Band of Horses – At The Mother Church

Band of Horses – Acoustic at The Ryman


The best ideas are the simplest ones. Band of Horses playing an acoustic set. Now that’s a genius idea. The guys like to thrash out the heavy numbers. And they can be really good at them. But some of the best Band of Horses songs are the more thoughtful ones. ‘Window Blues’ from Cease To Begin, ‘Slow Cruel Hands of Time’ from Mirage Rock and the magnificent ‘Reilly’s Dream’ from the Sonic Ranch sessions. Now, having debuted the idea on a Spotify exclusive, they’ve taken a bunch of their most well-known songs and given them the full acoustic treatment. And at The Ryman no less. The good news is that they sound great. The interplay of the piano with the guitars works really well, keeping the melody up front while giving the songs a nice new sound. ‘The Funeral’ really stands out and ‘Factory’ picks up a melancholy that was slightly buried before. But they do make a couple of strange choices. For one, there are no drums. Maybe it makes things more acoustic, more authentic, but it also means that some of the arrangements lack a little lustre. And then there’s the song selection. For the most part, they’ve chosen tracks that are already pretty down tempo. ‘Neighbor’, ‘Marry Song’, ‘The Funeral’, ‘Detlef Schrempf’. Only a couple of choices are originally up tempo numbers. One, ‘Wicked Gil’, is totally transformed. Slowed down, it’s almost unrecognisable and in a really good way. But, amazingly, ‘Weed Party’ is the revelation. While sometimes the down tempo song selection make things sound just a little too reverential, this one is allowed to retain its zip. It’s only a shame that it’s not on the standard version of the album and that a few more like it aren’t included in the set. (Tip: try You Tube). Band of Horses acoustic at The Ryman is a genuinely good idea that works really well. Next time, break out the drums, play ‘Ode To LRC’ and things would be perfect.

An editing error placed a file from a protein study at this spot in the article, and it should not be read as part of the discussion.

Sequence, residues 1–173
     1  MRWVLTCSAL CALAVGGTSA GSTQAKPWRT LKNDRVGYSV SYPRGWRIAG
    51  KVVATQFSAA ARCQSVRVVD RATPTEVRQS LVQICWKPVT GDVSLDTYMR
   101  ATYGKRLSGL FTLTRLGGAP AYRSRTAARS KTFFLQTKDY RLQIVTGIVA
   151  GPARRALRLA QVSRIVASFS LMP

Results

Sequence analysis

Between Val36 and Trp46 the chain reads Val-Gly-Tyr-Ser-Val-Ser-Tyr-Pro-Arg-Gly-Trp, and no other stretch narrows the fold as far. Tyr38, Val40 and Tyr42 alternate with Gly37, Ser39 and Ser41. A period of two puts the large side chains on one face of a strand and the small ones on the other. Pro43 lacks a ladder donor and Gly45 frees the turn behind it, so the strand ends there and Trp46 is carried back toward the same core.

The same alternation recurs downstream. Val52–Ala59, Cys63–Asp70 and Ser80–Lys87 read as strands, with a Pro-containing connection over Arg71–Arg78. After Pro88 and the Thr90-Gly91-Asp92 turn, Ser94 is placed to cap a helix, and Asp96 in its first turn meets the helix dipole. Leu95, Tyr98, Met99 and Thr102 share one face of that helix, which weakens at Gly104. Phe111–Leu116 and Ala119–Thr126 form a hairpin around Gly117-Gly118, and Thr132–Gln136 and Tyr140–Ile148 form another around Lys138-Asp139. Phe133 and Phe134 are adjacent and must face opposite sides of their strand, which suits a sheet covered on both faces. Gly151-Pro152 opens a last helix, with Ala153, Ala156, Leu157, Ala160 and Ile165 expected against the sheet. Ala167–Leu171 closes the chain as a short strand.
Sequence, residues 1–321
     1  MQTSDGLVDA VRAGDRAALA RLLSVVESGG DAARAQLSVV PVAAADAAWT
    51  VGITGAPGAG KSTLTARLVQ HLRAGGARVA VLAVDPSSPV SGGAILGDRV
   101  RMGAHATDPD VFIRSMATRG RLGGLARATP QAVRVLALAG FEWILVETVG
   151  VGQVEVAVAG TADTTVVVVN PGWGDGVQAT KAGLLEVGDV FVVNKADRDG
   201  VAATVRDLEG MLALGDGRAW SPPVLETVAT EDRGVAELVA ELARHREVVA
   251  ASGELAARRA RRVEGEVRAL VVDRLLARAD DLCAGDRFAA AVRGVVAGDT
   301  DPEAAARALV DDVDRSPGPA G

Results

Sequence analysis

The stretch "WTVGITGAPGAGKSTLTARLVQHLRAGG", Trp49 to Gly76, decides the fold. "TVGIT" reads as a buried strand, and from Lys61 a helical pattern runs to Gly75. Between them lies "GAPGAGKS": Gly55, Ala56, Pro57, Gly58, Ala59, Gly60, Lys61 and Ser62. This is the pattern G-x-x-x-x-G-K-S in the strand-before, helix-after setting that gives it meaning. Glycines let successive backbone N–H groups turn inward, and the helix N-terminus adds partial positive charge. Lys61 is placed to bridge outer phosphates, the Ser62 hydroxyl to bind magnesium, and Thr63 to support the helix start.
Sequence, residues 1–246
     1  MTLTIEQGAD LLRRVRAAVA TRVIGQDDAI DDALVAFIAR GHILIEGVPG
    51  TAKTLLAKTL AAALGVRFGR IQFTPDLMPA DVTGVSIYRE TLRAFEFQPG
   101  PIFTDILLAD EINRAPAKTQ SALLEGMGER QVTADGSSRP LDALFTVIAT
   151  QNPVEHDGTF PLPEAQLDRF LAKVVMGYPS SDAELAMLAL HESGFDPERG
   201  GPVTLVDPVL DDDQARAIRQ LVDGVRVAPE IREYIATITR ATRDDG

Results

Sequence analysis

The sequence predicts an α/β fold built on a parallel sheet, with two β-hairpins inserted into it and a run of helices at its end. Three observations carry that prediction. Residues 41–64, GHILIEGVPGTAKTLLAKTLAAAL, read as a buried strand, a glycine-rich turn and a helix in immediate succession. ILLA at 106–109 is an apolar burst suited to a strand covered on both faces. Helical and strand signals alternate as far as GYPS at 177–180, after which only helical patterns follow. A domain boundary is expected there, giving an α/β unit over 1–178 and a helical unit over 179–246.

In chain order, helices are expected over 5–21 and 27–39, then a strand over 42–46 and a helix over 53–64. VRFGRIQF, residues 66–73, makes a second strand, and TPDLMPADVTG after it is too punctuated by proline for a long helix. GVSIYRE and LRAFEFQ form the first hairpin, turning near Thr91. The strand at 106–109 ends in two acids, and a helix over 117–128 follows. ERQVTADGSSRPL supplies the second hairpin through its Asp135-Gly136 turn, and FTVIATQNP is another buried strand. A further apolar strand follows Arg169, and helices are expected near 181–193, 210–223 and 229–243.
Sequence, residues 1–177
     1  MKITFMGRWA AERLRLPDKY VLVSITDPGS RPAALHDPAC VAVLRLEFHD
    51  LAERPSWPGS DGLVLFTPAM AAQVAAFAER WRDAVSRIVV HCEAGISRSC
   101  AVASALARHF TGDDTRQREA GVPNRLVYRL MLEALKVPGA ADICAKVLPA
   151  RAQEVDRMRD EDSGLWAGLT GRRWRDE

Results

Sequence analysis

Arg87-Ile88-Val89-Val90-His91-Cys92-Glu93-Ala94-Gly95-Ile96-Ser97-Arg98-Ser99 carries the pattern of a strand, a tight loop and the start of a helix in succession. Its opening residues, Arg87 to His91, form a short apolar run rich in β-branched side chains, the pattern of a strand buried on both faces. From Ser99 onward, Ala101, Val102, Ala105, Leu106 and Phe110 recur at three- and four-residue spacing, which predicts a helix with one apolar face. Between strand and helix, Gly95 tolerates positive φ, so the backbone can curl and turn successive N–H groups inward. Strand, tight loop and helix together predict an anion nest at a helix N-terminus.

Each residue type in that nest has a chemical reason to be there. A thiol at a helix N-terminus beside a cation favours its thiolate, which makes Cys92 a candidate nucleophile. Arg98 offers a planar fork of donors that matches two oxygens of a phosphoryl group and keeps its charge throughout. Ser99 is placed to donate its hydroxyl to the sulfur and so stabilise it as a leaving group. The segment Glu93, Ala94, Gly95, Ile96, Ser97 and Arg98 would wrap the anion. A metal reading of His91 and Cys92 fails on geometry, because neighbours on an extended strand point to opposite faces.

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Consequence of Sound review

The Line of Best Fit review

Music OMH review

Pitchfork review (oh dear!)

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